In today’s world there exists as much as a thousand zettabytes of data. How can we make sense of this data and put it in a useful form? Can any of it be classified as information? Information by definition is data that has been processed. And information, in turn, results in intelligence. This is exactly what more than 11,000 people successfully did on the first weekend in June, 2013 on The National Day of Civic Hacking. These people engaged themselves in finding ways to put these enormous amounts of data to some constructive use. The event was organized at more than 90 different venues all over the United States from June 1-2, 2013. Montgomery County participated in this massive civic engagement effort by holding our first Hackathon.
The event, #Hack4MoCo, was held at the Universities at Shady Grove on June 1, 2013. The event was organized by the Innovation Program and the County Department of Technology Services. The main idea behind the entire process was to bring together local civic hackers, coders, residents, and entrepreneurs to solve some of the problems that are faced by County government. The data is or could be published on the dataMontgomery site which is the repository for County data about subjects ranging from the operating budget, employee salaries, and electrical permits to service requests from residents. The meeting started with the registration process and snacks followed by an introduction of the Open Montgomery Portal by Mr. Sonny Segal, the County’s Chief Information Officer. Mr. Segal introduced openMontgomery to the attendees and made them aware of the kind of potential it had for being beneficial to the community. After Mr. Segal’s address, Montgomery County’s Chief Innovation Officer, Mr. Dan Hoffman, laid out the rules and flow of the event.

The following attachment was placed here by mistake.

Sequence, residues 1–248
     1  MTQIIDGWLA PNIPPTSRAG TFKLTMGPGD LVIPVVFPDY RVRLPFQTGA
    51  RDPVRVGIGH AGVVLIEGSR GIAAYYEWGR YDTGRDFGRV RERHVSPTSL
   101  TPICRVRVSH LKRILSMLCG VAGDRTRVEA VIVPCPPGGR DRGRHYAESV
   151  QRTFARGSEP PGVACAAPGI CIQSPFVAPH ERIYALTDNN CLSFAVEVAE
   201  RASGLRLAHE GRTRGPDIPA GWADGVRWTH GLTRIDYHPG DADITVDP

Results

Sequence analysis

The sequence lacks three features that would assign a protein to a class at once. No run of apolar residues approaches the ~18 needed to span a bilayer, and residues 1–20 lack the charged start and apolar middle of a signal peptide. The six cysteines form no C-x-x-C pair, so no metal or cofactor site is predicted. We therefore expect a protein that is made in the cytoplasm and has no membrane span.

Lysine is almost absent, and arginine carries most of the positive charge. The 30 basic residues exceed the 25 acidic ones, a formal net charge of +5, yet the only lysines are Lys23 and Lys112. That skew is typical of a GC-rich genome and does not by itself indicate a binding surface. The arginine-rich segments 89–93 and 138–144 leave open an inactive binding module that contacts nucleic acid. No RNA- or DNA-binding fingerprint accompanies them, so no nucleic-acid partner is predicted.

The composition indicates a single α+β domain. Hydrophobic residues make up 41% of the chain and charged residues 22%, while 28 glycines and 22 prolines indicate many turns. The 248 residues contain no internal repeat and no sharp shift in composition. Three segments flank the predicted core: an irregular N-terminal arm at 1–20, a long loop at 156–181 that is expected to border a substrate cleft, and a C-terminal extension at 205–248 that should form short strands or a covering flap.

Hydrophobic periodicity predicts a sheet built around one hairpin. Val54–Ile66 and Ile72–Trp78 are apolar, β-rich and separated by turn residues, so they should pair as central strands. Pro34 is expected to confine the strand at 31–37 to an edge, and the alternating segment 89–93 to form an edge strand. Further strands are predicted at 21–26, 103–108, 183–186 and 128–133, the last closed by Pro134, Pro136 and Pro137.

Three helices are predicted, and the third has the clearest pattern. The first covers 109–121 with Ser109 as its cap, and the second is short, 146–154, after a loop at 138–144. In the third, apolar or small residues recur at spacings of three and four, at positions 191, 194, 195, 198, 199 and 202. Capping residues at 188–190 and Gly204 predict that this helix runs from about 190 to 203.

How It Worked
We employed the reverse pitch approach, wherein every representative group had 3-5 minutes to describe their challenge to the attendees. Instead of providing the participants with a ready solution, our aim was to give them a chance to come up with the creative solutions that they thought were best suited. A total of five ideas were put in front of the attendees. These ideas were presented by officials from respective departments. Attendees were given time to question the presenters. The developers, hackers, and department representatives were then divided into different groups in order to discuss the possible solutions. Three groups presented their solutions in the end. The groups had fruitful meetings and were able to approach the problem from both the developer’s point of view as well as the county residents’. Each group was given two hours before dinner to frame the solutions which were then discussed over dinner.
A) Food Recovery Application – Presented by Linda McMillan of the Food Recovery Working Group
Tons of food is wasted in different grocery shops, kitchens of schools, and restaurants. Food which is fit for consumption and can help feed those in need. There is no adept system available for the food donors and/or the demand centers like shelters and food pantries. The County Food Recovery group wants to devise a method so that this food can be quickly made available to the people who need it.
Solution Presented: The conceptual solution was to develop a web platform which would connect the participants. When any donor posts about the availability of food, the potential consumers in the vicinity will be notified by an SMS. The concerned consumer can acknowledge the receipt of such a message by responding to it and mentioning the food items they will be able to pick up in a given time frame. In case of no reply, another SMS will be sent out. This time the radius of the recipients notified will be expanded. The same acknowledgement method will be used again. The process will be repeated until all the excess food is donated or goes bad.